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Seasonal Influenza: Flu Basics (from the CDC line)
Influenza (the flu) is a contagious respiratory illness caused by influenza viruses. It can cause mild to severe illness. Serious outcomes of flu infection can result in hospitalization or death. Some people, such as older people, young children, and people with certain health conditions, are at high risk for serious flu complications. The best way to prevent the flu is by getting vaccinated each year.
The upcoming season's flu vaccine will protect against the influenza viruses that research indicates will be most common during the season. This includes an influenza A (H1N1) virus, an influenza A (H3N2) virus, and one or two influenza B viruses, depending on the flu vaccine.
Who Should Get Vaccinated This Season?
While everyone should get a flu vaccine this season, it’s especially important for some people to get vaccinated.
Those people include the following:
People who are at high risk of developing serious complications (like pneumonia) if they get sick with the flu.
People who have certain medical conditions including asthma, diabetes, and chronic lung disease.
Pregnant women.
People younger than 5 years (and especially those younger than 2), and people 65 years and older.
A complete list is available at People Who Are at High Risk of Developing Flu-Related Complications.
People who have medical conditions including:
Asthma
Neurological and neurodevelopmental conditions [including disorders of the brain, spinal cord, peripheral nerve, and muscle such as cerebral palsy, epilepsy (seizure disorders), stroke, intellectual disability (mental retardation), moderate to severe developmental delay, muscular dystrophy, or spinal cord injury].
Chronic lung disease (such as chronic obstructive pulmonary disease [COPD] and cystic fibrosis)
Heart disease (such as congenital heart disease, congestive heart failure and coronary artery disease)
Blood disorders (such as sickle cell disease)
Endocrine disorders (such as diabetes mellitus)
Kidney disorders
Liver disorders
Metabolic disorders (such as inherited metabolic disorders and mitochondrial disorders)
Weakened immune system due to disease or medication (such as people with HIV or AIDS, or cancer, or those on chronic steroids)
People younger than 19 years of age who are receiving long-term aspirin therapy
People who are morbidly obese (Body Mass Index, or BMI, of 40 or greater)
People who live with or care for others who are at high risk of developing serious complications (see list above).
Household contacts and caregivers of people with certain medical conditions including asthma, diabetes, and chronic lung disease.
Household contacts and caregivers of infants less than 6 months old.
Health care personnel.
What is influenza (also called flu)?
The flu is a contagious respiratory illness caused by influenza viruses that infect the nose, throat, and lungs. It can cause mild to severe illness, and at times can lead to death. The best way to prevent the flu is by getting a flu vaccine each year.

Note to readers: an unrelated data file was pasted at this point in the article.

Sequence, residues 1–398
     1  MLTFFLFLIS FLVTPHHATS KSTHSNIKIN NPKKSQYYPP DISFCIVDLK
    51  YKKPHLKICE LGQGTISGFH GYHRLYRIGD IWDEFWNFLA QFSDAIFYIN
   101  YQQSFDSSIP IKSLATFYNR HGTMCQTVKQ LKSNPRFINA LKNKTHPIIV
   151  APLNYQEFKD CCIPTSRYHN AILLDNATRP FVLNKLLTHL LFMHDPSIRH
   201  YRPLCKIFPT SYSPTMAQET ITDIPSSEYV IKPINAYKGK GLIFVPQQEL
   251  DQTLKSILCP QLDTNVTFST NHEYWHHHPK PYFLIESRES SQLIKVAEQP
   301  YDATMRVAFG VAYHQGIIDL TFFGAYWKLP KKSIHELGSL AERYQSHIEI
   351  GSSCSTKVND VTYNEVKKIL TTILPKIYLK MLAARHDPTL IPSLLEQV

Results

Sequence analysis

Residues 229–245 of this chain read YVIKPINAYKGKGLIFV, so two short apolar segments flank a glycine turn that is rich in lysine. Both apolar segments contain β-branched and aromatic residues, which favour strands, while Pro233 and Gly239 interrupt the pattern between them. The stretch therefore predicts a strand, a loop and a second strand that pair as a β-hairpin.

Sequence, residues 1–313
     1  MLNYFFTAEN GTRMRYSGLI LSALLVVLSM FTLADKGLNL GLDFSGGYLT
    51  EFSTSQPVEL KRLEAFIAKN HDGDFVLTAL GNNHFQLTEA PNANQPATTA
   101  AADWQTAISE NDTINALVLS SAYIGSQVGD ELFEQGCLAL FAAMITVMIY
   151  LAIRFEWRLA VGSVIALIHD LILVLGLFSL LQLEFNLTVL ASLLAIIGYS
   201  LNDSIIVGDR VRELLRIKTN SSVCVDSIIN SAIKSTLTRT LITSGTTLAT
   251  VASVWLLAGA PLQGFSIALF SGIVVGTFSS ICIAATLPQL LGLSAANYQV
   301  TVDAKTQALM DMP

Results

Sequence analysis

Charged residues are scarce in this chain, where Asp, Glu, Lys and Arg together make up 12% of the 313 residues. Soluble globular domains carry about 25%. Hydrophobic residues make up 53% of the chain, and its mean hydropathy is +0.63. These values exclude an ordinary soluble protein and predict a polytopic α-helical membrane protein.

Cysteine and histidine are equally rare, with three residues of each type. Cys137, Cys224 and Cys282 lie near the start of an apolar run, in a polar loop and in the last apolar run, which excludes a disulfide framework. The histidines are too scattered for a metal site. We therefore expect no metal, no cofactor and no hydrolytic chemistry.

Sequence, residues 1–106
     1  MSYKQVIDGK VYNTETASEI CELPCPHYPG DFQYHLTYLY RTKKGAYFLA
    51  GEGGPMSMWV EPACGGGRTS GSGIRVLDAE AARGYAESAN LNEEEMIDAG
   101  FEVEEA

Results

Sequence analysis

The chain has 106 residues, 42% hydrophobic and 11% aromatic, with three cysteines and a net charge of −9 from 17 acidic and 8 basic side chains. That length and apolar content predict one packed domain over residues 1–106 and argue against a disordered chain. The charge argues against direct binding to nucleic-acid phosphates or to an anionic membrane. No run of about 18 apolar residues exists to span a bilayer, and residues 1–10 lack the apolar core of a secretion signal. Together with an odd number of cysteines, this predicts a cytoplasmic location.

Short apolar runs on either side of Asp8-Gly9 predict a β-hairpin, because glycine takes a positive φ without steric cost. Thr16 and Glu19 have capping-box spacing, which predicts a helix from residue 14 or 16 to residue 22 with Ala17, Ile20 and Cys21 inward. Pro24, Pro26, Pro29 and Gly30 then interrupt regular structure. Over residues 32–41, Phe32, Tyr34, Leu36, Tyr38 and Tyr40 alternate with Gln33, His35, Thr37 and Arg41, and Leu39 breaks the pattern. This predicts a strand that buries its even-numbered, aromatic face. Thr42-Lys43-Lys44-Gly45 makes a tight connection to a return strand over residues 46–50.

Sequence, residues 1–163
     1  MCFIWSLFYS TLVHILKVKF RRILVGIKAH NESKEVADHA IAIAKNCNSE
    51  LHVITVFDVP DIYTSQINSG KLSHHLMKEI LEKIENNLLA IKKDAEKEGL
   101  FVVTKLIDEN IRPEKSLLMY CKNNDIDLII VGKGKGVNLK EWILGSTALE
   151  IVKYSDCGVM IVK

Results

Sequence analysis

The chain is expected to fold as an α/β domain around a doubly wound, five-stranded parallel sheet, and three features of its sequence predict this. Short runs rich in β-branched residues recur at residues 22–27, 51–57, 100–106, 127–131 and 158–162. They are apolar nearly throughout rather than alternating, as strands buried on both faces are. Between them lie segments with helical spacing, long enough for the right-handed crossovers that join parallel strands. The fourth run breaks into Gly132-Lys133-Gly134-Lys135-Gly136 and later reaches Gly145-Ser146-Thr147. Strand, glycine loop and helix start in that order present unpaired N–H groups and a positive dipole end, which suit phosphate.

Signs and symptoms of flu
People who have the flu often feel some or all of these signs and symptoms:
Fever* or feeling feverish/chills
Cough
Sore throat
Runny or stuffy nose
Muscle or body aches
Headaches
Fatigue (very tired)
Some people may have vomiting and diarrhea, though this is more common in children than adults.
*It’s important to note that not everyone with flu will have a fever.
How flu spreads
Most experts believe that flu viruses spread mainly by droplets made when people with flu cough, sneeze or talk. These droplets can land in the mouths or noses of people who are nearby. Less often, a person might also get flu by touching a surface or object that has flu virus on it and then touching their own mouth, eyes or possibly their nose.
Period of contagiousness
You may be able to pass on the flu to someone else before you know you are sick, as well as while you are sick. Most healthy adults may be able to infect others beginning 1 day before symptoms develop and up to 5 to 7 days after becoming sick. Some people, especially young children and people with weakened immune systems, might be able to infect others for an even longer time.
How serious is the flu?
Flu is unpredictable and how severe it is can vary widely from one season to the next depending on many things, including:
what flu viruses are spreading,
how much flu vaccine is available
when vaccine is available
how many people get vaccinated, and
how well the flu vaccine is matched to flu viruses that are causing illness.
Certain people are at greater risk for serious complications if they get the flu. This includes older people, young children, pregnant women and people with certain health conditions (such as asthma, diabetes, or heart disease), and persons who live in facilities like nursing homes.
Flu seasons are unpredictable and can be severe. Over a period of 30 years, between 1976 and 2006, estimates of flu-associated deaths in the United States range from a low of about 3,000 to a high of about 49,000 people.
Complications of flu
Complications of flu can include bacterial pneumonia, ear infections, sinus infections, dehydration, and worsening of chronic medical conditions, such as congestive heart failure, asthma, or diabetes.

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